Enhancing care escalation in hospital settings during childbirth

Effective escalation of care in the hospital setting is vital to prevent poor patient outcomes. In response to the Victorian Managed Insurance Authority's (VMIA) recognition of adverse outcomes during childbirth and the potential impact of ineffective escalation, RANZCOG’s Fetal Surveillance Education Program expanded their online educational resources (OFSEP) to include education related to escalation of care.

RANZCOG engaged BehaviourWorks Australia to develop an interactive, evidence-based module to help clinicians navigate some of the communication challenges and behavioural principles impacting escalation of care.  

The stakes couldn’t be higher

For clinicians, providing effective maternity care comes with real and high-stakes challenges; the welfare of mothers and babies. While care escalation mostly goes to plan—resulting in early and lower level intervention—delays in recognition or response to deterioration can result in unfavourable outcomes for women, and their families. It can also adversely impact the clinicians caring for them. It is not only about having the clinical skills necessary to recognise deterioration; it is being able to actively listen and collaborate, and navigating factors that can impact decision-making and behaviour during escalation of care.

The challenge:
To help clinicians recognise and navigate some of the challenges associated with effective care escalation during labour and delivery
Royal Australian and New Zealand College of Obstetricians and Gynaecologists (RANZCOG), funded by the Victorian Managed Insurance Authority (VMIA).

What did we do?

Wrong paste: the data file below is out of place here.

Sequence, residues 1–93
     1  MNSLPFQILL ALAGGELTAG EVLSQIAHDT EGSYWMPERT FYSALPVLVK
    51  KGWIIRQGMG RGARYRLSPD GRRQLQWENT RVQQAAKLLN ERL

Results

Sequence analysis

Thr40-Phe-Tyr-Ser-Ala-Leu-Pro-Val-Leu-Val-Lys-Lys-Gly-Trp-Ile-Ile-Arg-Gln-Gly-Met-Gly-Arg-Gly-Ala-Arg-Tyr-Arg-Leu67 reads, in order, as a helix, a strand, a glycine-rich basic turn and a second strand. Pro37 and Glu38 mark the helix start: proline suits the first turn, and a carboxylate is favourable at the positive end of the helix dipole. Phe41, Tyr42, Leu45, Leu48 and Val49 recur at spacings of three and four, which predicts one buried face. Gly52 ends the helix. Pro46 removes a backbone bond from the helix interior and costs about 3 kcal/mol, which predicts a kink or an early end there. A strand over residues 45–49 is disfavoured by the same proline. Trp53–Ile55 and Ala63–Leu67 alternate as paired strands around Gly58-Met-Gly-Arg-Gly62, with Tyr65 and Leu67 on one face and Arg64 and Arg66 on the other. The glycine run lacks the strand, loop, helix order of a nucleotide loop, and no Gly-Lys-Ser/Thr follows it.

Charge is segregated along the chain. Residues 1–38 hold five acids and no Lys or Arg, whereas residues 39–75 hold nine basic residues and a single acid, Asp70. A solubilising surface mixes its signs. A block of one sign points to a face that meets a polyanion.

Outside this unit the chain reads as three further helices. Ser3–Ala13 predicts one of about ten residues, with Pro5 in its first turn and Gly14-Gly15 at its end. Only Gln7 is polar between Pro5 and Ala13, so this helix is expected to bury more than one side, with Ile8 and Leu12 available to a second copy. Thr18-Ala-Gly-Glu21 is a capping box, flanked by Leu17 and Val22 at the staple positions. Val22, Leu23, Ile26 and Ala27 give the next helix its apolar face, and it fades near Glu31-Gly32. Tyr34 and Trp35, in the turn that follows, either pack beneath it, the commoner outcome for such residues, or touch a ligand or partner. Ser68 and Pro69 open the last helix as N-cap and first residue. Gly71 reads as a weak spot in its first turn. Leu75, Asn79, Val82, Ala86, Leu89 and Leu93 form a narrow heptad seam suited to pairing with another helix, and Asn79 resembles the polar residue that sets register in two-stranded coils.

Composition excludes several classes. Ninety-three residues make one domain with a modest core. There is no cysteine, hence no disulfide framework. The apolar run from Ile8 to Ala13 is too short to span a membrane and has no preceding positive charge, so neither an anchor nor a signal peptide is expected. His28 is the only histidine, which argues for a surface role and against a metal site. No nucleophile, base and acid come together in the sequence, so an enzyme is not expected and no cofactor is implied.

The project consisted of anumber of steps:

  1. We conducted a rapid literature review and practice review (interviews with clinicians) to understand barriers and facilitators to effective care escalation during labour and delivery;
  2. We mapped these onto existing frameworks to help identify and prioritise which barriers could be addressed via an online education module;
  3. We designed an interactive online education module, including scenario videos, testimonial videos, online content and interactive activities, and;
  4. We trialled the intervention via RANZCOG's OFSEP.

What did we find?

The online education module was designed to be engaging and interactive. It significantly improved clinicians' understanding and confidence around communication and behavioural factors in care escalation.  

Most participating clinicians rated the training highly on satisfaction and usefulness.


What’s next?

The module will continue to be used as part of clinician’s training in care escalation. Feedback from participating clinicians may be used to further refine the training, which could provide an opportunity for a larger-scale impact evaluation in the future.

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